In Hebrew, a turkey is referred to as “tarnegol hodu,” which literally translates to “rooster of India.” Hebrew is not the only language to attribute the Thanksgiving icon’s origins to the subcontinent; Russian, Polish, Yiddish, and Turkish – ironic because the British derived the bird’s English name from this nation – also indicate that the turkey originated in India.
All of the confusion related to the turkey and its homeland can be traced back to Christopher Columbus, the Spanish explorer who discovered the New World. Some say his discovery of North America led to the importation of turkeys to Great Britain via Constantinople; the birds were referred to as “turkeys” to indicate where they were purchased. Some say that Columbus was a Jew fleeing the Spanish Inquisition and that he referred to the bird as “tuki,” meaning parrot in Hebrew, which then evolved into “turkey” over time.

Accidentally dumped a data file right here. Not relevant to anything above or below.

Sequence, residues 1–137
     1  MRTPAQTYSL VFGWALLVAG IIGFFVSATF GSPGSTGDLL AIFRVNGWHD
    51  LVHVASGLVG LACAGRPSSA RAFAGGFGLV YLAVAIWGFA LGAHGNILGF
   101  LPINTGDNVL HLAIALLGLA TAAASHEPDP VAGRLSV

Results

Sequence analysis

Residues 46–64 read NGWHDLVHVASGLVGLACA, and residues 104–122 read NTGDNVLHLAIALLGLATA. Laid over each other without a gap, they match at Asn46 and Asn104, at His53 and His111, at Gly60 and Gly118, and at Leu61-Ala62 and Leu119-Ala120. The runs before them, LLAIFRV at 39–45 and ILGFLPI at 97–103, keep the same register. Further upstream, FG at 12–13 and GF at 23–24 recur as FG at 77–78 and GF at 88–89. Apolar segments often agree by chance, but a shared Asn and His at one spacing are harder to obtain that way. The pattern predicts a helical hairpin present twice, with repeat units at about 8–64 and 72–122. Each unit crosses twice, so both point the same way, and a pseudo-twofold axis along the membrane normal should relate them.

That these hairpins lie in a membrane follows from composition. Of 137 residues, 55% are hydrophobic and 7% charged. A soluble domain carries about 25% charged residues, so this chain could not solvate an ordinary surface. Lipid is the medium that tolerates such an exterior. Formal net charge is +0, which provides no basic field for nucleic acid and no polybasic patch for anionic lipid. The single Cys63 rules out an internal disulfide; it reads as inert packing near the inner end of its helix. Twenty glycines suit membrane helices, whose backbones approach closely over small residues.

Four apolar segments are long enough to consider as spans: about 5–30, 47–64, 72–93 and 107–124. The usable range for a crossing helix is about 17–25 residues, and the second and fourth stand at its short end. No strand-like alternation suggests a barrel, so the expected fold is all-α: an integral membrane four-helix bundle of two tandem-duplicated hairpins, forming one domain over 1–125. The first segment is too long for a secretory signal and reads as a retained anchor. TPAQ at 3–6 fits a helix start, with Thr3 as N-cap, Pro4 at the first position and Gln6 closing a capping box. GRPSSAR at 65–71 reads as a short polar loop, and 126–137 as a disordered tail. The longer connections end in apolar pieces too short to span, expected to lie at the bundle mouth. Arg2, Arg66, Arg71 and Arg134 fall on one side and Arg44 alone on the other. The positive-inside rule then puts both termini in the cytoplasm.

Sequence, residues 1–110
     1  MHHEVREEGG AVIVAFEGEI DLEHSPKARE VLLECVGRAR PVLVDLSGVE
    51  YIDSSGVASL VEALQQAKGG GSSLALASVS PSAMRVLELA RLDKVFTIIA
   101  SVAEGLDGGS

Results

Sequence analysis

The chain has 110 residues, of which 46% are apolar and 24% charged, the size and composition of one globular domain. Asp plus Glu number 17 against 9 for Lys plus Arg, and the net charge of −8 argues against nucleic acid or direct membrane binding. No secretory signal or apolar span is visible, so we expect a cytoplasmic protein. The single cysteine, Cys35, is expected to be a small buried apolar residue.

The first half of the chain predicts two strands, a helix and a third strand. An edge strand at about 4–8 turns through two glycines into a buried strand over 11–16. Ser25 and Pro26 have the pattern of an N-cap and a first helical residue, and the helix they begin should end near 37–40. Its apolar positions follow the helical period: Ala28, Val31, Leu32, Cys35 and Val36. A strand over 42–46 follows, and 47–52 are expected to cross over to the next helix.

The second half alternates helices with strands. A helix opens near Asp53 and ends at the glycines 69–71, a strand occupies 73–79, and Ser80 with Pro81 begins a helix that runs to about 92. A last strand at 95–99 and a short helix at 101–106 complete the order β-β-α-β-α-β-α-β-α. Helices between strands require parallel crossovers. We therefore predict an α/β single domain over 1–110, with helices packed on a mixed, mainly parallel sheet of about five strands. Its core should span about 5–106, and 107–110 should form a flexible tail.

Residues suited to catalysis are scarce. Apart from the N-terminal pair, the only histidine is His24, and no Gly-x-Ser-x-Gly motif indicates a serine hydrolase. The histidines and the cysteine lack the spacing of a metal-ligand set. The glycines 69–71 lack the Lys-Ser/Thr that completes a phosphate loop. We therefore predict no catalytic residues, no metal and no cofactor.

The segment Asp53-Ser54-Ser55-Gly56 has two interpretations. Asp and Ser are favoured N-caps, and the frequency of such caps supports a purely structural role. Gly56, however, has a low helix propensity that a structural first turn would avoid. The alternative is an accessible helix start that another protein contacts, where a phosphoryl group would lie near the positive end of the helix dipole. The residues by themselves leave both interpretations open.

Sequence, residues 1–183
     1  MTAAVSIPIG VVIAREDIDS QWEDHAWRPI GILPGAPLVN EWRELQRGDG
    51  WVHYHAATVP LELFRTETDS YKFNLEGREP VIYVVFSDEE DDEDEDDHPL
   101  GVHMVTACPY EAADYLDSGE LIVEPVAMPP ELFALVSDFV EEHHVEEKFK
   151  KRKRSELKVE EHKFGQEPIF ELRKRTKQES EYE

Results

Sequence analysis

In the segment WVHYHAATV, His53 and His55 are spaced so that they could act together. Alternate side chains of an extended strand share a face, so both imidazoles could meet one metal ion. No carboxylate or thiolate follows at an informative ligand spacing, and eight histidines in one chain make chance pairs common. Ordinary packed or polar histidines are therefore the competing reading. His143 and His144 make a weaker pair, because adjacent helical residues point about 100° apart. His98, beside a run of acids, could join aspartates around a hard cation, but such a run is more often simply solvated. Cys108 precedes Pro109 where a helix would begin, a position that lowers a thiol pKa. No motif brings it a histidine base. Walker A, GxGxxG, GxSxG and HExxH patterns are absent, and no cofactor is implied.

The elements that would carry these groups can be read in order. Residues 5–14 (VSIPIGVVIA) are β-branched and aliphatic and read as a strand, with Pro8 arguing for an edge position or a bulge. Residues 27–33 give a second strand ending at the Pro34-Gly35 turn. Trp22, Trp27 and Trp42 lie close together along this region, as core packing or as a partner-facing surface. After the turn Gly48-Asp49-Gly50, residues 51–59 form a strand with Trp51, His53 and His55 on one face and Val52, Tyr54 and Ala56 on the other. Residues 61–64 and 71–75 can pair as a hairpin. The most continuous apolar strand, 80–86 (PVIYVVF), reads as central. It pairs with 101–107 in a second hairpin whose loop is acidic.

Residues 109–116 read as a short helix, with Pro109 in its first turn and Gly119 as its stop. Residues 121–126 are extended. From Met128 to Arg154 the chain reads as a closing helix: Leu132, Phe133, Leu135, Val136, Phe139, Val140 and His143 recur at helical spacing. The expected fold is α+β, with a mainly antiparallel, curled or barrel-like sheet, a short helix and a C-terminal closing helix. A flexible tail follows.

Finally, some say that, because Columbus thought he had arrived in India when he encountered the New World, he named the bird after where he thought he was, just as he referred to North America’s indigenous people as “Indians.”
Whether or not Christopher Columbus put the Hodu in tarnegol, BIG tzevet (leading board) wishes you a happy Thanksgiving full of family, friends, and fabulous food!
This post has been contributed by a third party. The opinions, facts and any media content are presented solely by the author, and JewishBoston assumes no responsibility for them. Want to add your voice to the conversation? Publish your own post here. MORE